- An Oryx and Crake readalong recap from 2013 continues to perform, due to a post on a Something Awful forum which I’m sorely tempted to pay for so I can see what it is… anyone a member? Hit me up!
- On course for 45 posts this year, up from 39 posts in 2015.
- Most viewed post of 2016 is that mysterious Oryx and Crake one.
- Most viewed post that was actually written in 2016: Intro post of the Cecilia readalong, likely due to a little help from CBC.
- Least successful post in 2016: Short Story Advent Calendar Video Reviews. Same as in 2015, it’s a Booktube post. Okay, I get it, you guys don’t like the Booktube…
Stay tuned for best books, disappointing books, and 2017 plans, of which I have several!
I’m reading 35 books this year, as you may recall. I made a video about the first six.
- Asking For It by Lilah Pace, as recommended on Book Riot
- The Hunter and the Wild Girl by Pauline Holdstock, with thanks to Goose Lane Editions
- The Outside Circle by Patti Laboucane-Benson
- The Vegetarian by Han Kang
- Mislaid by Nell Zink
- In Her Shoes by Jennifer Weiner
The first six of the year were a bit of a bust. The Vegetarian blew me away at first, but hasn’t stuck with me. Since then, I’ve read two phenomenal books, which you will hear more about soon: Birdie by Tracey Lindberg and Cat’s Eye by Margaret Atwood.
Top five books of 2015
Have I mentioned I’m in a bit of a slump this year? I read more than ever, and came home from Book Expo America with a bunch of hot new books, but only five books were good enough to get that elusive five-star rating. For fun, I’ve included the most ridiculous thing I did while reading each.
- The Bear by Claire Cameron (tried to describe it to my husband while out for our sixth anniversary dinner, ended up crying)
- The Wake by Paul Kingsnorth (read the first forty or so pages aloud)
- After Birth by Elisa Albert (… nothing much, but here’s a fun fact: Albert used to write the captions for A Baby Story, that ubiquitous 2000s-era Canadian reality show about birth. I hated that show because I had pretty traumatic deliveries, just like the main character in this book, and felt like it sugar-coated the truth. I guess Albert felt that way too?)
- Outline by Rachel Cusk (spent a Saturday night reading it with a mug of mint tea and whisky. Not that crazy, except I never drink whisky and I never drink alone.)
- The Days of Abandonment by Elena Ferrante (Told my family I was going to the grocery store, and read in the parking lot for an hour)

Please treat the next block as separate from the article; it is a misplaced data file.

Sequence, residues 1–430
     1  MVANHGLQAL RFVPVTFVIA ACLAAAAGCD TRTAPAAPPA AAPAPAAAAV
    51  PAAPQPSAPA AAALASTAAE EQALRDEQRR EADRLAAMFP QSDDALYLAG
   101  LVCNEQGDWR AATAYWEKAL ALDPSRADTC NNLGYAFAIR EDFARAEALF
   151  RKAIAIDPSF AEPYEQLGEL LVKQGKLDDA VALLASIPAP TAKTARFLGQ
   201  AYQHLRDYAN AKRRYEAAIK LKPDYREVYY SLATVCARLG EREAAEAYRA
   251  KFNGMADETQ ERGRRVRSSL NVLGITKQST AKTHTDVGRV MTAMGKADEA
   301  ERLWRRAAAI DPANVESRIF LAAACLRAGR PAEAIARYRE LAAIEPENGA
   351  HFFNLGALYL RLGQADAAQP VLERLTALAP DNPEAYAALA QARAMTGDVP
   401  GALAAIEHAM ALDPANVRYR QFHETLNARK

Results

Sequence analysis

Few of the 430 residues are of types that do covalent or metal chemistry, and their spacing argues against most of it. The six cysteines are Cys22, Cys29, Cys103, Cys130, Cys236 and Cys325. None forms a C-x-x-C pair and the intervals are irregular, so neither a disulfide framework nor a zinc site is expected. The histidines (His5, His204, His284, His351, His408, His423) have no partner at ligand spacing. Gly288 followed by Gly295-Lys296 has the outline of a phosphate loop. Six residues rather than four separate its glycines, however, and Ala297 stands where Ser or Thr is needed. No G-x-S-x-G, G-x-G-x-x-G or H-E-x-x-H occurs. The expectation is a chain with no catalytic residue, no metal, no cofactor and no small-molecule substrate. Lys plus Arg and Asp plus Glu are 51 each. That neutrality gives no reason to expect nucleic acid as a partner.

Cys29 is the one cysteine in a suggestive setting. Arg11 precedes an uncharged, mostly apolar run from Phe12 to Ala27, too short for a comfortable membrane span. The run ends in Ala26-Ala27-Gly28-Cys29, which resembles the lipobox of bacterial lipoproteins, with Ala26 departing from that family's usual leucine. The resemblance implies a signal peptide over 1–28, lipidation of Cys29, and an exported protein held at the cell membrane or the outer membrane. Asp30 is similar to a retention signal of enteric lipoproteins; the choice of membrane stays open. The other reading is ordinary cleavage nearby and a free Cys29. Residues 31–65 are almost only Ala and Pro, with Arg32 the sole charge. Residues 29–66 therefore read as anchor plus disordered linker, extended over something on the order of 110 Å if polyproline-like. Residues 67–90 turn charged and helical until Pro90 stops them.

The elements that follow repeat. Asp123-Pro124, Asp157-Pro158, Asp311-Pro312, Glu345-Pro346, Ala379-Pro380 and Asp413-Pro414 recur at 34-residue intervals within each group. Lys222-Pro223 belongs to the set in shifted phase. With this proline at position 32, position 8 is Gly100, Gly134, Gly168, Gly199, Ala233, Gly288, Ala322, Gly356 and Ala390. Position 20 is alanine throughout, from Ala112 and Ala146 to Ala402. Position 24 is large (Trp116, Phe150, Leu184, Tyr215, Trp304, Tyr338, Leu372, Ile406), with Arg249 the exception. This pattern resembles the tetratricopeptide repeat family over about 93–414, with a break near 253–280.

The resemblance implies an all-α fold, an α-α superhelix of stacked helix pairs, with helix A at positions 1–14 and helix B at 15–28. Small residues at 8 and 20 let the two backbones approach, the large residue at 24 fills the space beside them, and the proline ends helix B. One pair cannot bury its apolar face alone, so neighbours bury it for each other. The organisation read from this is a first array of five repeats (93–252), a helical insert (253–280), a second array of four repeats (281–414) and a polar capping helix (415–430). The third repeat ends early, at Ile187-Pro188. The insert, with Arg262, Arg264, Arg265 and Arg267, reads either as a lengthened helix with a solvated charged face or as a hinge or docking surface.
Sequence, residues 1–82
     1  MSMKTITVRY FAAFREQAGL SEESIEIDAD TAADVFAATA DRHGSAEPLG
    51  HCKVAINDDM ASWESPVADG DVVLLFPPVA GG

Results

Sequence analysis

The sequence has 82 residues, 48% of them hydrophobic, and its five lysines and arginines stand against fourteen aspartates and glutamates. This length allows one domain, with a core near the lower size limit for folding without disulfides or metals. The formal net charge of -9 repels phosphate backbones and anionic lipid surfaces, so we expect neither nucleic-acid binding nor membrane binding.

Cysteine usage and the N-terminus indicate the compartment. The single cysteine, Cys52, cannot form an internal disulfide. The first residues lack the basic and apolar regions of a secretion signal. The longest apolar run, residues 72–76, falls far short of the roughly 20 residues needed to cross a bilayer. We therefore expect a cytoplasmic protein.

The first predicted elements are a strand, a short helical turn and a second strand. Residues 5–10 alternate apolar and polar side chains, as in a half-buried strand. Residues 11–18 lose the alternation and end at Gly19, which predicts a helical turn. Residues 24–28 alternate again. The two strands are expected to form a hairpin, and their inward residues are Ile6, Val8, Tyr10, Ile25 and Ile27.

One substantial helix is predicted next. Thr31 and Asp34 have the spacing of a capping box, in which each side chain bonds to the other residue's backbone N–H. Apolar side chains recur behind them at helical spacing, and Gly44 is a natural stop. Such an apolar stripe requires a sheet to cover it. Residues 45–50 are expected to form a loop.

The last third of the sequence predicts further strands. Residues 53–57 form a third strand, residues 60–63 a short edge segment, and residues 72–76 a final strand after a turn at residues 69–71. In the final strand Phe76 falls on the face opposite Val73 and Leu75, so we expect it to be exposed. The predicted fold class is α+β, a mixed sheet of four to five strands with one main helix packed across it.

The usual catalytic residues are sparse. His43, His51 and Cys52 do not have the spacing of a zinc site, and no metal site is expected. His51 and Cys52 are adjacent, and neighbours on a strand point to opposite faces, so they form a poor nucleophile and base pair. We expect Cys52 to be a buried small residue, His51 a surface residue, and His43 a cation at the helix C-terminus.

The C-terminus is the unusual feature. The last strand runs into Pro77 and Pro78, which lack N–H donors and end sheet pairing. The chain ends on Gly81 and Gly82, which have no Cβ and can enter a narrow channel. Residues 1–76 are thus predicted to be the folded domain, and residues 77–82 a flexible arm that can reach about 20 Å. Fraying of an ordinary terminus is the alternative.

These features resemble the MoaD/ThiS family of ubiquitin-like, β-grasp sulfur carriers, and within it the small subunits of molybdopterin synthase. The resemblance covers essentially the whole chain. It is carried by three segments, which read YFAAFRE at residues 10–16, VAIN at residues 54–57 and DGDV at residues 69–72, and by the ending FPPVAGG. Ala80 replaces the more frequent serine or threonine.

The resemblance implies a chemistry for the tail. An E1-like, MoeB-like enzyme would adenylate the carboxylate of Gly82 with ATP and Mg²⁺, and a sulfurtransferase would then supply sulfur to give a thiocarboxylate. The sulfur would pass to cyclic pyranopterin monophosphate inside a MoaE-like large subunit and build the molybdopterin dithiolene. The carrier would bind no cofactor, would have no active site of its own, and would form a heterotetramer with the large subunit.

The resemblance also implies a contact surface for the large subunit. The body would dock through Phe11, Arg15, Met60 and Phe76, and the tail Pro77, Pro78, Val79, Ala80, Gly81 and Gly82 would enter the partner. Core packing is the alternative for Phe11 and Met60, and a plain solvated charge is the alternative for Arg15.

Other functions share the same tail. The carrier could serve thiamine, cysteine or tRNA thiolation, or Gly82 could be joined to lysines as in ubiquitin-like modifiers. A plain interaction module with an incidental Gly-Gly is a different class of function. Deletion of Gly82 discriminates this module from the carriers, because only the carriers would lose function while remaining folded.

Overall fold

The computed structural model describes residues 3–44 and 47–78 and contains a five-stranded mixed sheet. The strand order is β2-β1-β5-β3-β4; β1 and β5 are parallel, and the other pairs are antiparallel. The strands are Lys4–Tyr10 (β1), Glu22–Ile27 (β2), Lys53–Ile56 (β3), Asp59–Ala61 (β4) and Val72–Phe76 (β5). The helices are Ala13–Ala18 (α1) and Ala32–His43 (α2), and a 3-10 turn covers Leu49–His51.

Yeah, but did I review them? Last year I was ashamed of the fact that I only reviewed one of my top ten books. I was also ashamed of the reason – I was afraid to write about race. I ended up reviewing The Bridge of Beyond in January and it is one of my favourite reviews. This year, I gave my all to The Bear – I didn’t do a traditional review, but I wrote about it here on the blog, and on 49th Shelf. I wrote a quick blurb on The Wake (but please note there is a 2,000+ word draft review in the works,) and nothing on the other three.
There isn’t anything in particular about After Birth, Outline, or The Days of Abandonment that made me skip the review. I’m not intimidated by the subject matter. I still think about them. I suppose that, compared to The Bear and The Wake, they are very specifically women’s stories (not for women… I mean about women, centred on women’s experiences, etc.) But I’m usually cool with that too.
Here’s my hypothesis: I read too damn much this year. I powered through all three of these books, because I had holds coming in at the library, and Book Expo books to get to before publication date (fail,) and a Forsyte Saga to get through before the end of the year (epic fail,) and an ever-growing pile of library sale books, and book swap books, and contest win books, and Canada Reads and Alberta Reader’s Choice and Giller Prize books. I had just enough time to register that hey, this book is amazing, before barreling on to the next.
Can you guess what’s coming next? Stay tuned for my 2016 plans post. Don’t worry, I’m not gonna KonMari my bookshelf or anything. KonMari is so 2015.
Honourable mentions where four stars on Goodreads means 4.5 or 4.9: Martin John by Anakana Schofield, Eileen by Ottessa Moshfegh.
Not “bad” books, so put your pitchforks away. These books did not live up to the hype.
- Undermajordomo Minor by Patrick deWitt (my review) I didn’t hate it. I didn’t love it. I didn’t get it.